> This has lead to architectural decisions that take more of the bigger picture into account. Under OpenStack's current model, each project does their own thing without too much design into how it all comes together in the end. A lot of problems spring from this. I'm sure k8s will get more and more silo'ed as it grows and matures. But right now, the lack of silo's really are speeding its development.
> Anyway, I think I'm done rambling for now... I do hope we can reflect on some of the differences between the projects and see if we can figure out how to pull in some of the good ideas from k8s.
> Thanks,
> Kevin

Am I stating the obvious when I say that in the beginning there were two 
projects in OpenStack: Nova and Swift. Cinder and Glance sprang forth 
from Nova. We had nova-network (we still do). Neutron didn't come from 
Nova and it's taken us a few years to finally get to the place where we 
deprecated nova-network and made Neutron the default networking backend 
for Nova.

Yes things could move quick and dirty when it was essentially a single 
project. We're still paying for a lot of quick and dirty technical debt 
within Nova, and a lot of old code we've either deprecated or are 
working on deprecating (like rxtx_factor in flavors and personality 
files to name a couple but there are really a ton of examples - quotas, 
bdm v1, cells v1, etc).

Splitting nova-volume out to Cinder still left a *ton* of tight-coupling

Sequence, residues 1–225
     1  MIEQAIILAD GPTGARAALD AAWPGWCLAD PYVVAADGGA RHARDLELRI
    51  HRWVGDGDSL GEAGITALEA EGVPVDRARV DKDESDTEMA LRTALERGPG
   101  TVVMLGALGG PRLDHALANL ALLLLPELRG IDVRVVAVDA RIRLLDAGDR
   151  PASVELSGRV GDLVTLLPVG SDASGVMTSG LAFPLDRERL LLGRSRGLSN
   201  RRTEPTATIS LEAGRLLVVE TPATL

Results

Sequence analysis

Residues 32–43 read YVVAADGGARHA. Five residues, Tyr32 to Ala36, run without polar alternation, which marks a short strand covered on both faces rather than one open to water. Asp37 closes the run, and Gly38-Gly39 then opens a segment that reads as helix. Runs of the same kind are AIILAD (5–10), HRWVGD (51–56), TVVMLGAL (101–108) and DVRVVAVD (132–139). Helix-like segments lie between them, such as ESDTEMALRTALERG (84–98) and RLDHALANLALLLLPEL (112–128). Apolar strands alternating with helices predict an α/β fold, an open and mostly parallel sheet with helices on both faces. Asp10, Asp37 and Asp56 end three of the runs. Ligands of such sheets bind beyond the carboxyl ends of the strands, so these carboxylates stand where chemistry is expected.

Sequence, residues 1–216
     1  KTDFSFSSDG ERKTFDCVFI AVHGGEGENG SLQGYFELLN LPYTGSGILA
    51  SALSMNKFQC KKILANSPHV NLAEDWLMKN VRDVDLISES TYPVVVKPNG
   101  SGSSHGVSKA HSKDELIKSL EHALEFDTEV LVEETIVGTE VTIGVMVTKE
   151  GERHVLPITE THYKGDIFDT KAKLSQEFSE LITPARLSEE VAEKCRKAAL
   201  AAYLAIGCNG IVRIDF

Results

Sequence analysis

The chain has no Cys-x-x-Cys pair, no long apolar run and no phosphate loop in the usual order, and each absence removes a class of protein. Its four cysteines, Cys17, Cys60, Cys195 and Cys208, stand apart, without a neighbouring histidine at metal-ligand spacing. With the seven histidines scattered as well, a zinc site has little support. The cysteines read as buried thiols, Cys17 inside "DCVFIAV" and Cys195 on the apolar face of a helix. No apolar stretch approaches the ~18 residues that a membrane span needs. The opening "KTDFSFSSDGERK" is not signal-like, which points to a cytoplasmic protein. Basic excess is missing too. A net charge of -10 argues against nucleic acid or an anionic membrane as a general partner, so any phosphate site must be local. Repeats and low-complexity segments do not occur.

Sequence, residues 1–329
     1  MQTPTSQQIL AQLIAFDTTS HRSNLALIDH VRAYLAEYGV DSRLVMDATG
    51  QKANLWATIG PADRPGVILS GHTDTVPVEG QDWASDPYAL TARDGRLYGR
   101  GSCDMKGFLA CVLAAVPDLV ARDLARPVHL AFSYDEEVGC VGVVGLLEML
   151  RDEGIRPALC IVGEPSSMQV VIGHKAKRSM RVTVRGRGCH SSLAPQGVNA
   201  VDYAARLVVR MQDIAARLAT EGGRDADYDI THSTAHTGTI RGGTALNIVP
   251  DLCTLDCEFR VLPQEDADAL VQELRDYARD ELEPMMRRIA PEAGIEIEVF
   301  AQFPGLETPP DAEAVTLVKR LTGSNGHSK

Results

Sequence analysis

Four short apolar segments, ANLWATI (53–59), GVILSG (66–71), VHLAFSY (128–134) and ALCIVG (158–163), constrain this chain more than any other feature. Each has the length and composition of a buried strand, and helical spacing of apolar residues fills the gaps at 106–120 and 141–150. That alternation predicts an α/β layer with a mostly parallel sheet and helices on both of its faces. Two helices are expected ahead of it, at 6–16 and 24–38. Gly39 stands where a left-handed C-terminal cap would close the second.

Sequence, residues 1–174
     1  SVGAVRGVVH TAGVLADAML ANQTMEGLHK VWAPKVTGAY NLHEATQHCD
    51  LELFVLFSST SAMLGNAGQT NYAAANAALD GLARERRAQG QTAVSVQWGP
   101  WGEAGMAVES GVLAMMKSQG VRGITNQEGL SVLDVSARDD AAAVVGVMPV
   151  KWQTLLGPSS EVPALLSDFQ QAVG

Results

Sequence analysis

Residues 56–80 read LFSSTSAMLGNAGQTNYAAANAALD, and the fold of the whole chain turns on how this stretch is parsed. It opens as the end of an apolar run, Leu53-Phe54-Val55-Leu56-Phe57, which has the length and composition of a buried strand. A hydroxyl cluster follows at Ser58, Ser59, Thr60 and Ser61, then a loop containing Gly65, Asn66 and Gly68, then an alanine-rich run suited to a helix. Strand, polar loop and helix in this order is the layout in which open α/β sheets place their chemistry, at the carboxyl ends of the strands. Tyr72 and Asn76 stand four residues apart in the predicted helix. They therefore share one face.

between projects. That's a major reason it's taken so long to get volume 
multi-attach supported in Nova, because the interfaces between the 
projects were just bad (lots of shared data and knowledge about the 
internals of each project rather than coding to clean REST API 
interfaces). We're working on correcting that now, but it takes time.

Frankly I'm fine with the projects doing their own thing as long as 
there is a clean API (with microversions for changes) between them.

It's an interesting idea to think what it would be like if everything 
was a couple of projects, but it also scares me. :)

It's also fun to think about just dropping backward compatibility on the 
API and do a brand new major version, but we talked about that with Nova 
v3 for how many releases? At least 3 before deciding that microversions 
was the best way forward. We're going to be talking about raising 
minimum microversions in the API in Boston and I'm eager to get feedback 
on that idea.